Further in accordance with the teachings of the present invention, a vacuum cleaner is provided having a tank with an inlet for receiving liquid material and defining an interior. A lid closes a top of the tank, a motor housing is attached tothe lid, and a motor is disposed inside the motor housing. A switch is disposed inside the motor housing and has a first position in which power is provided to the motor and a second position in which power to the motor is interrupted. An air impelleris disposed in an air impeller housing defined by the motor housing and the lid, the air impeller housing having an opening in air flow communication with the tank interior and the air impeller being operatively coupled to the motor. A float is disposedin the tank, and a float rod extends between the float and the switch, the float rod being capable of moving die switch from the first position to the second position. A seal is supported by the motor housing and positioned intermediately along thefloat rod to create a water-tight barrier between opposite ends of the float rod.

Still further in accordance with the teachings of the present invention, a vacuum cleaner is provided having a tank with an inlet for receiving liquid material, the tank defining an interior. A lid closes a top of the tank, a motor housing isattached to the lid and includes a downwardly depending boss, and a motor is disposed inside the motor housing. A switch is disposed inside the motor housing and has a first position in which power is provided to the motor and a second position in whichpower to the motor is interrupted. An air impeller is disposed in an air impeller housing defined by the motor housing and the lid, the air impeller housing having an opening in air flow communication with the tank interior and the air impeller beingoperatively coupled to the motor. A float is disposed in the tank, and a float rod extends between the float and the switch, the float rod being capable of moving the switch from the first position to the second position. A seal is supported by themotor housing and positioned intermediately along the float rod to create a water-tight barrier between opposite ends of the float rod, and a hollow tube portion is attached to the lid and has an upper end sized to engage the motor housing boss, whereinthe float rod passes through the tube portion.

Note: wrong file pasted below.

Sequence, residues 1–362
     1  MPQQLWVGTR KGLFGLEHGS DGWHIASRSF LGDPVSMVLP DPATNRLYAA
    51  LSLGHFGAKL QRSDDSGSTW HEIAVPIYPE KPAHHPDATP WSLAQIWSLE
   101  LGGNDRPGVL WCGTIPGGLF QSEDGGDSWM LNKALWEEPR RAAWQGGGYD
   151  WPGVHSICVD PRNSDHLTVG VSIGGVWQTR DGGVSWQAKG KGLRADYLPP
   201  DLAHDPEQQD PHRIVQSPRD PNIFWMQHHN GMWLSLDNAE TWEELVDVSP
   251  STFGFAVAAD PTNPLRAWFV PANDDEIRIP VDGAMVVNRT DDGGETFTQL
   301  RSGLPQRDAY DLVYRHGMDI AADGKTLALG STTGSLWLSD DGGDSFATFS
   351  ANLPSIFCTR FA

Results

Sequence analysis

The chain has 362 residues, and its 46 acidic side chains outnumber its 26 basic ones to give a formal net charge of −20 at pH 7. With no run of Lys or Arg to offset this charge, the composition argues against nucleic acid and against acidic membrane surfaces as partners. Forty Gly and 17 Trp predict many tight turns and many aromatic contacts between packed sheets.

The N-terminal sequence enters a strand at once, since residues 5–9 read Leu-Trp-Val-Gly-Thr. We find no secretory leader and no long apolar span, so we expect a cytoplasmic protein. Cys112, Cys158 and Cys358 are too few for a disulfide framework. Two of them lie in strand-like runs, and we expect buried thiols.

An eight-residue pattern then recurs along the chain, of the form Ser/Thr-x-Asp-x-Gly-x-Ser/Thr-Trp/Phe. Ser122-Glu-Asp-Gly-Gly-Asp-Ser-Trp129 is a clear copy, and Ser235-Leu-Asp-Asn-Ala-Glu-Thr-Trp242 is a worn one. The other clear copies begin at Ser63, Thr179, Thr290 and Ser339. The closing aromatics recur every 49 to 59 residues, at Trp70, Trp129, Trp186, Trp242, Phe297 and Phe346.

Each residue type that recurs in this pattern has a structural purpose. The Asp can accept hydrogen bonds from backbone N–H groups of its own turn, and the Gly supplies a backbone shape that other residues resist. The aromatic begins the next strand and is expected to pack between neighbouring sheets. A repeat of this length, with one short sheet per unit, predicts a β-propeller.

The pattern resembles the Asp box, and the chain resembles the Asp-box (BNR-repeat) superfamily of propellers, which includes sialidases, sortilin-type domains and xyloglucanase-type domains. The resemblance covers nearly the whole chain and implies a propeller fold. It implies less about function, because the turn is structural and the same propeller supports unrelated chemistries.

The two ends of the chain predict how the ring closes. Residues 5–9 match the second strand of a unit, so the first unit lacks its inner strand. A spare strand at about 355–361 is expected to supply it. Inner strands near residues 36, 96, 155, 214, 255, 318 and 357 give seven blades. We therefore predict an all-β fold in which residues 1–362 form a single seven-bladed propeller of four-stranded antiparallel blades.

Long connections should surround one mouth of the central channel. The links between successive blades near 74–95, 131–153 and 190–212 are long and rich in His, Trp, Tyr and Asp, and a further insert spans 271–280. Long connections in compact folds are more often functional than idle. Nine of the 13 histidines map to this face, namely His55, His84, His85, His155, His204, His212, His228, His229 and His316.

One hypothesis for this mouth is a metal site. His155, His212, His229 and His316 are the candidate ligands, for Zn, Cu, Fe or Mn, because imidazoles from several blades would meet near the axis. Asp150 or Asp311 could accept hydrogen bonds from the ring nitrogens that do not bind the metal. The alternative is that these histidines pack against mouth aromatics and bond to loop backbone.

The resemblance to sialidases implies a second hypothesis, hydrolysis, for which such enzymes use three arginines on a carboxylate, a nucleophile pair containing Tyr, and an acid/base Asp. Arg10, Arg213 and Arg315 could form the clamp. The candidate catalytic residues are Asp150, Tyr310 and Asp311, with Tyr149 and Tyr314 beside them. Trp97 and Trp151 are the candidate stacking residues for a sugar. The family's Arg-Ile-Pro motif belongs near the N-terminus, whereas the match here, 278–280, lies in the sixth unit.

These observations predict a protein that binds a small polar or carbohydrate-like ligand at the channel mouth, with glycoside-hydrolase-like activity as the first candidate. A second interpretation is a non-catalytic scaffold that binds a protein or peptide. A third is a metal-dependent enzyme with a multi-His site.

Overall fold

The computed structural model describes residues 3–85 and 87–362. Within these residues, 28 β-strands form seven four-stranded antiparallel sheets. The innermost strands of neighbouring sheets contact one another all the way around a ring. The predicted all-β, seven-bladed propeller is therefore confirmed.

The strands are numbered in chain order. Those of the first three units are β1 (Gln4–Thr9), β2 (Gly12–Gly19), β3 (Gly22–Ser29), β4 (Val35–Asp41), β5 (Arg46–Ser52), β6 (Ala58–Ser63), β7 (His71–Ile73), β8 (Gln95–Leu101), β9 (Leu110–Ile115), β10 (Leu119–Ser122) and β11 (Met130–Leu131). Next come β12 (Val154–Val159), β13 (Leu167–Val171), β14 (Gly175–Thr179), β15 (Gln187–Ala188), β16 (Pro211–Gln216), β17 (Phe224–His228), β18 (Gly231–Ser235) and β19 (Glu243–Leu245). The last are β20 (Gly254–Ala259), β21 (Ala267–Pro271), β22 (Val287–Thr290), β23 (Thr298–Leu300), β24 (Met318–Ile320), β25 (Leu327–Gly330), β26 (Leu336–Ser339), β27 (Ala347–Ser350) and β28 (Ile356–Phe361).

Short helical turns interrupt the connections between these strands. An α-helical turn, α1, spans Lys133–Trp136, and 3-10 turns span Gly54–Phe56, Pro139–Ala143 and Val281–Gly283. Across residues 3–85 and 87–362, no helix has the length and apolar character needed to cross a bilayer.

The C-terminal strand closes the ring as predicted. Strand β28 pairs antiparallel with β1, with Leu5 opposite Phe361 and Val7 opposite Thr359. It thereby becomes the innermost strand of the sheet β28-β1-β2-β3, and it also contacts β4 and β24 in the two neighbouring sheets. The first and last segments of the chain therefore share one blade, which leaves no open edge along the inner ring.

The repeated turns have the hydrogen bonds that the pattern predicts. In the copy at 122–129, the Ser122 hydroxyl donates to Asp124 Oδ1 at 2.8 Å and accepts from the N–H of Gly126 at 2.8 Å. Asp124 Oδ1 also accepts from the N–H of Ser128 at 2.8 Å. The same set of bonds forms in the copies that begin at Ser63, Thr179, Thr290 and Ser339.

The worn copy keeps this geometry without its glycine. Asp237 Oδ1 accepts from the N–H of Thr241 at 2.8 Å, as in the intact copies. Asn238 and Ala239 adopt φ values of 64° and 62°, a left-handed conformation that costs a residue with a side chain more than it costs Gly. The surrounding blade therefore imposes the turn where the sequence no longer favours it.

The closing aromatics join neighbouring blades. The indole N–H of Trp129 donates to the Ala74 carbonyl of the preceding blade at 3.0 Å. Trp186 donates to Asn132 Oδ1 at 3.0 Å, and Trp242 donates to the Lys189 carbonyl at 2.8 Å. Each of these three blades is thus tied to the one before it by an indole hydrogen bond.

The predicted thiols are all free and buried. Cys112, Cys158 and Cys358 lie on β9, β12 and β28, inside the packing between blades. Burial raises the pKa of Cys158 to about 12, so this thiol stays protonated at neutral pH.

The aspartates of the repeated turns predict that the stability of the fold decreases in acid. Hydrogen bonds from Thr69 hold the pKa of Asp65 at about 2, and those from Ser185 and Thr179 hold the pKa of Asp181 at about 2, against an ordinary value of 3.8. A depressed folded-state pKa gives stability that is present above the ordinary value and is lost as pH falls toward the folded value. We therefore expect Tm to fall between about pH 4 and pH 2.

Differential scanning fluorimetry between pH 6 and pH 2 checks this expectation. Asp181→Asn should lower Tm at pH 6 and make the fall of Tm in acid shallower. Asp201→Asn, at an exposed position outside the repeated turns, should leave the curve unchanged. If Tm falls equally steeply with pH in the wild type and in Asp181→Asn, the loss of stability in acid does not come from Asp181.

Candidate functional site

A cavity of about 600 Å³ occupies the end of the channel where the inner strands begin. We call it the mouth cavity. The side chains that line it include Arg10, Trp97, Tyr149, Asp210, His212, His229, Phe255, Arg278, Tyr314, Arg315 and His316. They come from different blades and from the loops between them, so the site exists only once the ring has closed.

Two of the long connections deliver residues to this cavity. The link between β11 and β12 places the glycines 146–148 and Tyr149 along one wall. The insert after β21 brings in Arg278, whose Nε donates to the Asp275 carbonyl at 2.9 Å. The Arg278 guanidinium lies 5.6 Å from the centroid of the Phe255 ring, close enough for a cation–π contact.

Other features and advantages are inherent in the vacuum cleaner claimed and disclosed or will become apparent to those skilled in the art from the following detailed description in conjunction with the accompanying drawings.

BRIEFDESCRIPTION OF THE DRAWINGS

FIG. 1 is a top plan view of a vacuum cleaner in accordance with the teachings of the present invention;

FIG. 2 is a side elevation view, partially in section, taken along line A--A in FIG. 1;

FIG. 3 is a side elevation view, partially in section, taken along line B--B in FIG. 1, with the tank removed;

FIG. 4 is an enlarged side elevation view, partially in section, of a portion of FIG. 2 showing the float rod seal; and

FIG. 5 is an enlarged side elevation in section, of an alternate embodiment of a diaphragm as shown in FIG. 4.

DESCRIPTION OF THE PREFERRED EMBODIMENT

Referring initially to FIGS. 1 and 2, a vacuum cleaner of the present invention, indicated generally at 10, has a tank 12 and an upper vacuum assembly, indicated generally at 14. The tank 12 includes a pair of handles (not shown), which may beused to assist the user in lifting and moving the vacuum cleaner 10. The tank 12 further defines an inlet 18 that may be fitted with a vacuum hose (not depicted) for applying suction at desired locations.

The upper vacuum assembly 14 includes a lid 22 releasably attached to the tank 12. Attached to the lid are a cover 20, a motor housing 24, and a baffle 25. A motor 26 is disposed inside the motor housing 24. The lid 22 makes up the bottom ofthe upper vacuum assembly 14 and may carry one or more latches (not shown) for attaching the upper vacuum assembly 14 to the tank 12. The motor housing 24 is disposed between the lid 22 and the cover 20. When a user wishes to connect the upper vacuumassembly 14 to the tank 12, the user lifts the upper vacuum assembly 14 above the tank 12, aligns the latches with latch recesses (not shown) formed in the tank, lowers the upper vacuum assembly 14 until the lid 22 rests on top of the tank 12, and then,fastens the latches to the tank 12. A handle 28 is provided on the upper vacuum assembly for facilitating transportation of the assembled vacuum cleaner 10.